iFarm blazes trail in STEM learning

Tatachilla has become one of only seven schools in the state to boast a revolutionary iFarm.

What is an iFarm?

The iFarm – pioneered by inventors Steve and Kate Mansur – is a fully computerised, outdoor farm research station that features eight automated garden beds that allow students to compare the impact of different soil types, irrigation levels, fertilisers and micro-climates on crop growth.

The iFarm program is funded by the Australian Government Department of Agriculture, Fisheries and Forestry as part of the national Educating Kids About Agriculture initiative. More than 50 iFarms are currently being rolled out to high schools across the country through a competitive bid process as part of a national effort to bring agricultural innovation to secondary education.

Each iFarm package represents an investment of more than $90,000, including installation, research and development, cloud technology, maintenance and ongoing support.

What can the iFarm do?

The iFarm is a game-changer in the teaching of agricultural science and STEM subjects. It enables students to undertake simultaneous crop trials, record live data using the iFarm’s in-built computer, view root growth through the iFarm’s clear Perspex sides and upload and compare data with other schools that are also using iFarm technology.

In addition to the automated garden beds, all iFarms feature their own weather station as well as subsurface drip irrigation; overhead spray options; a 2,000L water tank; moisture and temperature sensors; an inbuilt digital touchscreen; a worm farm for composting; and summer and winter shade-cloths.

The iFarm is powered through wind and solar energy and can be operated remotely or in-person. Even the electronic componentry has a clear Perspex cover so that students can view and better understand electrical design and function.

Why is the iFarm important?

According to Tatachilla’s agricultural science expert, Isabelle Linde, there has never been a better time to study agricultural science and the iFarm will be a critical factor in elevating hands-on, interactive learning at the college and igniting careers in the STEM fields.

“We know that agricultural science is a burgeoning sector globally, and one that has seen an exponential increase in technological advancement, career diversity and international focus over the past 20 years,” says Ms Linde, who campaigned strongly for the college to be one of the few schools chosen for the national iFarm program.

“Students who pursue a career in agriculture now have the opportunity to combine their skills in science, technology, engineering, mathematics and business to address some of the world’s biggest challenges. 

“These challenges include food security, bioweaponry, large-scale pest outbreaks, extreme weather conditions, land scarcity and the decline of the international bee population, to name a few.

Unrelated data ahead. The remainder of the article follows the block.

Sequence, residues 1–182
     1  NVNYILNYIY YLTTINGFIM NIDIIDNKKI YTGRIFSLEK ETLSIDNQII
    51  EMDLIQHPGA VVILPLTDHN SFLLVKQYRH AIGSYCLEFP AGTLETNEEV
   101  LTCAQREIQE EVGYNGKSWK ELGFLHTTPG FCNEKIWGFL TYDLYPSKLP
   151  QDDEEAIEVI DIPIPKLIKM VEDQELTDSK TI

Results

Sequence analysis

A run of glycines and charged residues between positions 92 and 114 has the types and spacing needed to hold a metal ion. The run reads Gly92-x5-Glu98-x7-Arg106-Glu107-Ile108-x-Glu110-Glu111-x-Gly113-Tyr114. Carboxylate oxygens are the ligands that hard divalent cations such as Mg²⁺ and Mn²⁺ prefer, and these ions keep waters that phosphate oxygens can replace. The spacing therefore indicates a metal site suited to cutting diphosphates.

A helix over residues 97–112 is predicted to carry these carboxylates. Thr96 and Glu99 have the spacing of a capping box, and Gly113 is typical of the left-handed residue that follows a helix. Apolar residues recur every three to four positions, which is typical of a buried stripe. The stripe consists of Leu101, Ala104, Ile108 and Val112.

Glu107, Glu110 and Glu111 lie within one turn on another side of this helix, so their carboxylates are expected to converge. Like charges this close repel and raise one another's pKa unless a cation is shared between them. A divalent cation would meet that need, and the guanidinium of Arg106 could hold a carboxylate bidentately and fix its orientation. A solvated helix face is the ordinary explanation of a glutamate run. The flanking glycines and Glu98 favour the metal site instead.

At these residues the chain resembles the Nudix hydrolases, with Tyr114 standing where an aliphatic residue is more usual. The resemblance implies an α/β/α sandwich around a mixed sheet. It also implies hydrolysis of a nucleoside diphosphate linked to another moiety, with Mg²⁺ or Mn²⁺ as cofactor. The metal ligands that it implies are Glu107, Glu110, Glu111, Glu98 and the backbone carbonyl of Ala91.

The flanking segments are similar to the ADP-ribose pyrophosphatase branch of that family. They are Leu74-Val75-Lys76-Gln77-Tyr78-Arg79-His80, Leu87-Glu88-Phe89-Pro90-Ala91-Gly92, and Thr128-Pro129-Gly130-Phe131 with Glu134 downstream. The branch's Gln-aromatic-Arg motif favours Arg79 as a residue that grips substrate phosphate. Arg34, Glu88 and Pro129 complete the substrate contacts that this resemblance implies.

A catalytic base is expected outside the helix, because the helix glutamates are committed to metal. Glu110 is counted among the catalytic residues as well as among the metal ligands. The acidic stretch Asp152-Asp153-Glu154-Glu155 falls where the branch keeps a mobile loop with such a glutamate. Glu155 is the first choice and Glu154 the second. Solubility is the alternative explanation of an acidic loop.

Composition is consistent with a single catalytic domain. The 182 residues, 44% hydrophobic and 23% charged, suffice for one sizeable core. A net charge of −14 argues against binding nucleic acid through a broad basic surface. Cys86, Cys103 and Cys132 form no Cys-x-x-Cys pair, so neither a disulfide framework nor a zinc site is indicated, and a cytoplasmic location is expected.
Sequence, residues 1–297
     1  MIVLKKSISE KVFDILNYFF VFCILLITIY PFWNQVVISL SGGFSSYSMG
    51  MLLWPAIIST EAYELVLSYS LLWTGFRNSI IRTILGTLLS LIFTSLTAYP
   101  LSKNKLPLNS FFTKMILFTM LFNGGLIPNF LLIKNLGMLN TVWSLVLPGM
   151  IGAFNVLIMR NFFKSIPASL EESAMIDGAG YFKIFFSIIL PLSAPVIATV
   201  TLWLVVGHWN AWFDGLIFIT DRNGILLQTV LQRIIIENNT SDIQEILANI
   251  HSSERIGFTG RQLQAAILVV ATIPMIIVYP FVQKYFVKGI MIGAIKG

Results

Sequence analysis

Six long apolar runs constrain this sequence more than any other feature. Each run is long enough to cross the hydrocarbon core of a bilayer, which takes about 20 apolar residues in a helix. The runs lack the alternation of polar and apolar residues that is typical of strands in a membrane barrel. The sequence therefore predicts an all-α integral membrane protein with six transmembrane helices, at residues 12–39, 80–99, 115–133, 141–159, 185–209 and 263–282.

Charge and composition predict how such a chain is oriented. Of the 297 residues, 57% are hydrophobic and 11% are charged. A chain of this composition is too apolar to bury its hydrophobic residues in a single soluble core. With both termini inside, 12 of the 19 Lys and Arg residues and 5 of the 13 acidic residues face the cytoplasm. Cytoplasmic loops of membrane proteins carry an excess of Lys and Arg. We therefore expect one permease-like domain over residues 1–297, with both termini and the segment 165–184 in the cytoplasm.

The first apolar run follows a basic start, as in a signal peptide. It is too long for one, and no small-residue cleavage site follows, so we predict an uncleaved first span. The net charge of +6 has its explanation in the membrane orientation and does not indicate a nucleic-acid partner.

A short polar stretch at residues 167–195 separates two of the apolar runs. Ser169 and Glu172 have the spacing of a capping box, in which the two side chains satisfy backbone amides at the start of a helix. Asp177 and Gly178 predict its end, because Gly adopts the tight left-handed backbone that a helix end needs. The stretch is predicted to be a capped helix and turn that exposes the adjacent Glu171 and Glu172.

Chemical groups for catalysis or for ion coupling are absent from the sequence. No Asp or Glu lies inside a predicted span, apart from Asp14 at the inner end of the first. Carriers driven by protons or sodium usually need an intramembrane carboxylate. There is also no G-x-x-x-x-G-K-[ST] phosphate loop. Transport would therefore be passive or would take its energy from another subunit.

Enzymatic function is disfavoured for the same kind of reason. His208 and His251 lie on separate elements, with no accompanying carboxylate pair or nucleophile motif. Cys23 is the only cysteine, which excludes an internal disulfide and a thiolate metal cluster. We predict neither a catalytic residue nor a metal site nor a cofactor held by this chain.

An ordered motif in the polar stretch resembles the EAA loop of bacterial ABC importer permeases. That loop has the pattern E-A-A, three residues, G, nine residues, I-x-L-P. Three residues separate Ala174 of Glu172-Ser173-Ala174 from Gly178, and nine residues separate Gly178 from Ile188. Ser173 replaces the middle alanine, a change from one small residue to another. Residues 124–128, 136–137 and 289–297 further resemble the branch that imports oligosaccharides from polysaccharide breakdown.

“The iFarm represents an exciting new way for Tatachilla students to experience firsthand how climate variables impact crop propagation and to understand the skills and technology required to produce food and fibre sustainably and in the context of changing world.”

Tatachilla students have already utilised their iFarm to examine the impact of different soil compositions and irrigation regimes on the yield and quality of vegetable crops, and to compare the growth and health of herbs and fruit grown in both controlled and uncontrolled environments.

The college is currently forging ahead with its own groundbreaking agricultural science pathway for students in response to significant global investment in the food, agribusiness and agtech sectors and the corresponding employment demand that this investment is generating.

“Our students currently have the option of studying agricultural science as one of their core sciences in Year 9 and 10 and by 2025, they will be able to continue their agricultural science studies at the Year 11 and 12 levels,” Ms Linde says.

“Unlike other South Australian schools who offer agricultural science, Tatachilla will focus on emerging agricultural innovations and technologies, as opposed to current agricultural processes and local farming practices.” 

“Naturally our iFarm will play a significant role in our agricultural science curriculum and amplify the application of STEM knowledge to emerging agricultural industries.”

Inspiration behind the iFarm

Steve and Kate Mansur came up with the idea for the iFarm as a way of stimulating interest in the swathe of agricultural career options now available to emerging scientists and the technologies that are being innovated to support them, including bee vectoring, vertical farming, automated harvesting, drone-based disease management and even laser scarecrows.

The aim of the iFarm was also to help students learn about STEM disciplines in a much more engaging and impactful way and assist teachers in bringing theoretical concepts to life, right before students’ eyes.

“Our iFarm is fully designed, developed and manufactured in Australia and we could not be prouder of the finished product,” says Steve Mansur, who is one half of the iFarm Australia team, alongside his wife Kate.

“It has given us great joy and satisfaction to gift our iFarm technology to those schools who have been chosen for the inaugural rollout of the iFarm program and help install each iFarm personally.”

What other South Australian schools have an iFarm?

Other schools in South Australia that currently have an iFarm include Grant High School (Mount Gambier); Tintinara Area School (Tintinara); Karoonda Area School, (Karoonda); Renmark High School (Renmark); Mount Barker High School (Mount Barker); and Oakbank School (Oakbank).

More information

See: iFarm Australia video


iFarm_Year 9s monitor crop growth (1).jpg
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